The risk appetite of an organization broadly defines the type and degree of risk it is willing to accept. Risk threshold is given as a measurable unit, usually a percentage, and it reflects a range within which a specific risk can be accepted or avoided. Risk tolerance is similar to the risk threshold, but it is measured in a specified value, which can be in the number of days or a monetary value. 

The avoidance option, as the name suggests, means taking any necessary course of action to avoid the possibility that a risk may pose a threat to an organization. Generally, contractors only go for this option when dealing with health-threatening risks. That being said, for a company with a low-risk appetite, this option may seem to fit its strategic objectives. 

Contractors may opt for the mitigation option for risk events that exceed their corresponding risk thresholds. For instance, a risk that may cause a delay of greater than 10 days can be mitigated—if it surpasses the company’s relevant risk tolerance level—to bring down the risk impact below the acceptable level. 

On the other hand, risks can be accepted if the impacts are somewhere within the range of the company’s risk threshold. The transfer alternative shifts a risk to a third party, and this can involve signing up for a contractor liability insurance plan to transfer liability risks to the insurer. 

Many Factors Influence a Company’s Risk Appetite, Risk Tolerance, and Risk Threshold

The risk appetite, risk tolerance, and risk threshold of a company pivot on a range of factors, such as relevant historical data, level of competition within the market, company’s portfolio, and inputs from top management. Other considerations may include risk culture and norms of the organization.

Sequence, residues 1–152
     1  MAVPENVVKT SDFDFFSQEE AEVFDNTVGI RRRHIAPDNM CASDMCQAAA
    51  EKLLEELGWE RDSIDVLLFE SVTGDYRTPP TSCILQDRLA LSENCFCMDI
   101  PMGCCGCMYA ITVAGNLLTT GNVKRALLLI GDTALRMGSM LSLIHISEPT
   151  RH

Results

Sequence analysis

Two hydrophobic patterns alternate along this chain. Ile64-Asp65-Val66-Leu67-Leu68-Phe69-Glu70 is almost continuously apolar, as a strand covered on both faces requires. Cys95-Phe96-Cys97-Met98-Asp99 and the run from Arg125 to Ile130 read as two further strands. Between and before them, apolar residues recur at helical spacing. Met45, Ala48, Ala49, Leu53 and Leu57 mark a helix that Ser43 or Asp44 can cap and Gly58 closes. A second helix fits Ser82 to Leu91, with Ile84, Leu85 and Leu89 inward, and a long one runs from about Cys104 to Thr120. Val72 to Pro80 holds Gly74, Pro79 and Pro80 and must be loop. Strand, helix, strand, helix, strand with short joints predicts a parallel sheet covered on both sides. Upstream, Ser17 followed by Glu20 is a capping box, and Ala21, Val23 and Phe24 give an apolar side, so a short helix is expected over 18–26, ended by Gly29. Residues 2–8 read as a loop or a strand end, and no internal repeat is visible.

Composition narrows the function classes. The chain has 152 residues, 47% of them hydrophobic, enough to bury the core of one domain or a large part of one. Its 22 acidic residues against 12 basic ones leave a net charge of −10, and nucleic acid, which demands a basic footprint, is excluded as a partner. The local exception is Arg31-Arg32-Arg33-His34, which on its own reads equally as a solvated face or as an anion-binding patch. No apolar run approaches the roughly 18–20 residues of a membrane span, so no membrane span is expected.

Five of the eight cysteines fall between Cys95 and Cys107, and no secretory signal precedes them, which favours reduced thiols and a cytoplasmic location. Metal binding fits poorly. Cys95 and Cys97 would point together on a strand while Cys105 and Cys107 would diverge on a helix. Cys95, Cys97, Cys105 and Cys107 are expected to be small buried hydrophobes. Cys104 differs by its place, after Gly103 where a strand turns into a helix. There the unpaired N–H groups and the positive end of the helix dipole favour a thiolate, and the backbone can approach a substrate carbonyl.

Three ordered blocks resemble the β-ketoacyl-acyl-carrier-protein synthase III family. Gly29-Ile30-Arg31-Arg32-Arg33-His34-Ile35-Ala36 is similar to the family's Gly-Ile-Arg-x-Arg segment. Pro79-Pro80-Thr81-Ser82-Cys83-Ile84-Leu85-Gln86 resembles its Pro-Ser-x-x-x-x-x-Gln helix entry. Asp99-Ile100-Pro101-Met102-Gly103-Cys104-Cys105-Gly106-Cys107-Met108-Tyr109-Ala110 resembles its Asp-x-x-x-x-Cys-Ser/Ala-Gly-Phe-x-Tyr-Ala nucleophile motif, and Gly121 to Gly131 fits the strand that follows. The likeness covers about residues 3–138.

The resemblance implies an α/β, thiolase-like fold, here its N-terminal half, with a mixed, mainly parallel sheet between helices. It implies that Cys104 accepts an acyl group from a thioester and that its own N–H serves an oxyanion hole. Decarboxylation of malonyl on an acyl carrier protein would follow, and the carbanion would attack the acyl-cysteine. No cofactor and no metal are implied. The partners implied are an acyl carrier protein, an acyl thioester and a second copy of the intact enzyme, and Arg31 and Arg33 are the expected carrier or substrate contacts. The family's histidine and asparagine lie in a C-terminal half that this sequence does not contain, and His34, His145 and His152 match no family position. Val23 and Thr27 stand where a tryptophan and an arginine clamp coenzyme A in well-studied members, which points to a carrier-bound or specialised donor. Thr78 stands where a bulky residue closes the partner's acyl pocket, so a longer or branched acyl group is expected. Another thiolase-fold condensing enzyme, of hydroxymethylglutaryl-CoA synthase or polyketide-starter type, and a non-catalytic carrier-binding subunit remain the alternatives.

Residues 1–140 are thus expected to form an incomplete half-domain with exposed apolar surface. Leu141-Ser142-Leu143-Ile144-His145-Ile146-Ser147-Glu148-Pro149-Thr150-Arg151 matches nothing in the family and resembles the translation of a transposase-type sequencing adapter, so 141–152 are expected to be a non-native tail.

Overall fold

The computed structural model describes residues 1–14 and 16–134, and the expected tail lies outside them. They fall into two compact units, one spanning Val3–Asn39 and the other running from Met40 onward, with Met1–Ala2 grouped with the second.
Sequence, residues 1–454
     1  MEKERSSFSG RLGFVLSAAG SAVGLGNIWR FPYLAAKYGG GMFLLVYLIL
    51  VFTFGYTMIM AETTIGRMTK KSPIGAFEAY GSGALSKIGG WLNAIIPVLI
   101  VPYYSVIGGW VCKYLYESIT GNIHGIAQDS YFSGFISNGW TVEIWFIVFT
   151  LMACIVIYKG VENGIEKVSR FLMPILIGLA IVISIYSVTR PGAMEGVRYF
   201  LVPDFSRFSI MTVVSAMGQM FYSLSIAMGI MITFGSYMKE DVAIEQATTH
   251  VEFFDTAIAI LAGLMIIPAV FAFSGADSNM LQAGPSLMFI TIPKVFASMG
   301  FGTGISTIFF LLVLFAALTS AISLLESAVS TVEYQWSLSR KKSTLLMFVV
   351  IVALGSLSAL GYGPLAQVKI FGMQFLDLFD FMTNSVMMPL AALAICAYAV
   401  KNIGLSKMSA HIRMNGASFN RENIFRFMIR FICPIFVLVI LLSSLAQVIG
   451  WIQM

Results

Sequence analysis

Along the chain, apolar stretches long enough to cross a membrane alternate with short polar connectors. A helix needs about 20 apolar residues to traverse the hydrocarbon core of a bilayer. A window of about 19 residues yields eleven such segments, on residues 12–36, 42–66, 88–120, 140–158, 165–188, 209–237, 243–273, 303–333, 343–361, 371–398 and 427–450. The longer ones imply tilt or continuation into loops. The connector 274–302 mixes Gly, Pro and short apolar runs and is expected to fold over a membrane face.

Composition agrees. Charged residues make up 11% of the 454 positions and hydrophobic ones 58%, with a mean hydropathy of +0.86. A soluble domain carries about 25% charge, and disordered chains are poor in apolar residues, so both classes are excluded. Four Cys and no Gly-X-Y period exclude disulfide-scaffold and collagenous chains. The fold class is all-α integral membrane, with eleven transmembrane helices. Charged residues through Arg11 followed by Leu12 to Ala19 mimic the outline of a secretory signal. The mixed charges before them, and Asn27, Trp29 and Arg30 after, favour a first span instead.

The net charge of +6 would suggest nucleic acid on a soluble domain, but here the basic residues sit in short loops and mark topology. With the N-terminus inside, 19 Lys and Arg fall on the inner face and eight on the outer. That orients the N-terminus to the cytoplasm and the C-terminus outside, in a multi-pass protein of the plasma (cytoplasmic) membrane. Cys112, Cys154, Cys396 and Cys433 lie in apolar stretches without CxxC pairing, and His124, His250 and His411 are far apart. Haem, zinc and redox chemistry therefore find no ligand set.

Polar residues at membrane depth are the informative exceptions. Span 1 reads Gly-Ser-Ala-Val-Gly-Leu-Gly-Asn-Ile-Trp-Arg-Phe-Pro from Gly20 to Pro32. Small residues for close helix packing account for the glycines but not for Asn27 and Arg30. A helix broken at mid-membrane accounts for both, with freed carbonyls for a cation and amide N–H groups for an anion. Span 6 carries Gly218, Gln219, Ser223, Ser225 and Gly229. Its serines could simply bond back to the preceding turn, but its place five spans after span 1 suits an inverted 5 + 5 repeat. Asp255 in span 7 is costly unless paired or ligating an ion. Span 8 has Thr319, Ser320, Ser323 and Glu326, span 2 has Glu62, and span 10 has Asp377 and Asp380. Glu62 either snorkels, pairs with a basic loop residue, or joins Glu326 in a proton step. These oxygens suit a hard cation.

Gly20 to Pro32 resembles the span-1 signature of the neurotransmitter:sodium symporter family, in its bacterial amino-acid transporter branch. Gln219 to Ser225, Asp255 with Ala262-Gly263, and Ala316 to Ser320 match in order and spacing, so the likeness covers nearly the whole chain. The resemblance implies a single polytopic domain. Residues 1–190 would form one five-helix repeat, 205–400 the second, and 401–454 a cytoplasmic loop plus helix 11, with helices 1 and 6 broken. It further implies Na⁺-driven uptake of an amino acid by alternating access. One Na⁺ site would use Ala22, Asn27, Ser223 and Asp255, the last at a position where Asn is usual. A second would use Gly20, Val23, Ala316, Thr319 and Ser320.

Contractors should at least know what their risk appetite, risk tolerance levels, and risk thresholds are. Organizations that put too much effort on avoiding risks can end up functioning well below their risk appetite, and this can actually throw away many opportunities that may help the organizations grow and achieve their business objectives.

Risks lurk beneath the surface of almost every business venture, and all the business decisions that we will have to make will rarely come without some sort of risk. It is the innate characteristics of construction projects that make this particular endeavor a very risky one to take on. Among all other construction project management disciplines, continuous risk management deserves a top priority on every contractor’s to-do list, and understanding your risk appetite, risk tolerance, and risk threshold will make you a high-performing contractor.  

Sam Meenasian is the Operations Director of USA Business Insurance and BISU Insurance and an expert in contractor liability insurance, among other commercial lines insurance products. With over 10 years of experience and knowledge in the commercial insurance industry, Meenasian contributes his level of expertise as a leader and an agent to educate and secure online business insurance for thousands of clients within the Insurance family.